Equitable Distribution – Alimony
Equitable Distribution is the distribution of debt and property obligations divided between spouses during divorce proceedings. In order to make a fair distribution, the court will look at the financial security of each spouse after the termination of the marriage. Under Virginia law, the court must consider all financial and non-financial contributions that both parties made to the marriage. A couple may settle their property division through creating a property settlement agreement. If the couple cannot come to an agreement, the court will assist in making those decisions for you.
How Does the Court Determine Equitable Distribution?
The courts than determine what is real and personal property for the couple. This could be property such as, jewelry, their current residence, other real estate, bank or credit union accounts, furniture, paintings, automobiles, business assets, and other types of property created by both or either spouse during the marriage. There are certain steps that must be followed during the determination, these include:
- Determining the Character of Property: Marital or Separate – Marital property is all property acquired during the marriage. Separate property is all property before the marriage, after the marriage, or inherited. Marital property can be distributed between spouses while separate property is kept by the spouse who owns it.
- Property Values – The court sets the value for what mutual property and assets of the spouses would cost if it was sold today rather than what the originally paid.
- Dividing the Property – The final step is for the court to decide who gets what by taking into account each spouse’s interests and rights.
Alimony – or spousal support – is a husband’s or wife’s court-ordered periodic payments for a spouse after separation or divorce. Spousal support isn’t meant to be a punishment. It’s to help the individual in the relationship who isn’t as financially independent. The amount awarded for support depends upon such factors as:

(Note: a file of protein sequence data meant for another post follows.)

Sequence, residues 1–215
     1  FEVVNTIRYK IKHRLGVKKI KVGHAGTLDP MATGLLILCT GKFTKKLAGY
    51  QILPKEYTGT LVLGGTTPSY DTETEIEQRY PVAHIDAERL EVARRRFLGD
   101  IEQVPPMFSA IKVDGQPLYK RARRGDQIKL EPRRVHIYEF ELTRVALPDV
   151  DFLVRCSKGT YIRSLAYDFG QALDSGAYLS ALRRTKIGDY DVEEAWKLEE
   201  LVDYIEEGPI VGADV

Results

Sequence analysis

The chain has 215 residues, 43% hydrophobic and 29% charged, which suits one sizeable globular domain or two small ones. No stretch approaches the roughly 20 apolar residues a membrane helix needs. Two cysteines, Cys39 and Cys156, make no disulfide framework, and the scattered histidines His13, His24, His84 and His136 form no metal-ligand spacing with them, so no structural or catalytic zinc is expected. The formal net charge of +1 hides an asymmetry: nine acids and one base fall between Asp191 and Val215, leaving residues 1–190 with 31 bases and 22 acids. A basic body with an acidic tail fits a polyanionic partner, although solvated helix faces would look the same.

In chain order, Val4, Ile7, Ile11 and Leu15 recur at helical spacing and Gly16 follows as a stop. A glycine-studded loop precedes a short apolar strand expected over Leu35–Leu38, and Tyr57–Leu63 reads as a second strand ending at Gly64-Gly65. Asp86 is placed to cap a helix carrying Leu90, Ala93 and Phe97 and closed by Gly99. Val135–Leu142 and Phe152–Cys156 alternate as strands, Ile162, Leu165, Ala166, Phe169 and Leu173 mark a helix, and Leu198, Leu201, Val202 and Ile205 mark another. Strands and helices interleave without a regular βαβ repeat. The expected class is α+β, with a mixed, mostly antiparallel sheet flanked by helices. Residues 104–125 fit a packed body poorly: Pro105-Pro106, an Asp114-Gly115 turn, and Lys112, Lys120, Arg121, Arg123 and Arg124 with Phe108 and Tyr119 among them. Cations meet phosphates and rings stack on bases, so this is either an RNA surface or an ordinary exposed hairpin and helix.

- the Age of the Parties
- the Earnings of Each Party
- How Long They Were Married
Who Decides Alimony Support?
When a couple gets a divorce, alimony may be awarded to one of the former spouses based on an agreement between the couple or a decision by the court. The purpose of alimony is to ensure that the spouse who has a non-wage-earning or lower-wage-earning income is not economically limited after the divorce and is provided a continuing income. Under Virginia law, a married couple is financially responsible for one another and they are both responsible for one another’s debts.
Married couples in Virginia are free to make their own decisions about awarding each other alimony. The only requirement is that the decisions are the result of free and open negotiation and are fair to both parties. If the couple earn similar salaries then they may decide against spousal support. However, circumstances may be more complicated if one spouse is at a disadvantage in terms of being able to self-support. At this point, the agreement of alimony is negotiated and determined. If the couple cannot come to an agreement, the court may make the decision of determining if alimony is necessary, what the amount would be, the duration of alimony, and the manner of payment.
Can Spousal Support Be Modified or Terminated?
If alimony was decided by the court, it can only be modified by the court. There would be proof of material changes in circumstances since spousal support was established and that modification is necessary according to the new circumstances. This would determine whether or not payments would increase or decrease.
If spousal support was originally established through a separation agreement between the parties, the courts would view this in their determination. If the separation agreement did not address changes concerning spousal support, then it’s highly unlikely to be modified. The court may increase or decrease the amount of spousal support if both parties agree to changes come to an agreement.
Termination of spousal support can happen if either party dies, if the party receiving spousal support remarries, or if the court finds that the spouse receiving spousal support has been living with another person in a relationship comparable to marriage for more than one year
Contact the Virginia Alimony Attorneys at Riley Law, PLLC
There are many factors to consider in regards to alimony/spousal support. If you are seeking more information or need assistance, call the family law attorneys with Riley Law, PLLC today at (757) 851-3888.
We have litigated an extensive history of family law cases in all surrounding Hampton Roads court jurisdictions including the Virginia Peninsula cities and counties of Hampton, Newport News, Poquoson/York County, Williamsburg; all Southside courts in Norfolk, Virginia Beach, Portsmouth, Chesapeake, Suffolk and Isle of Wight.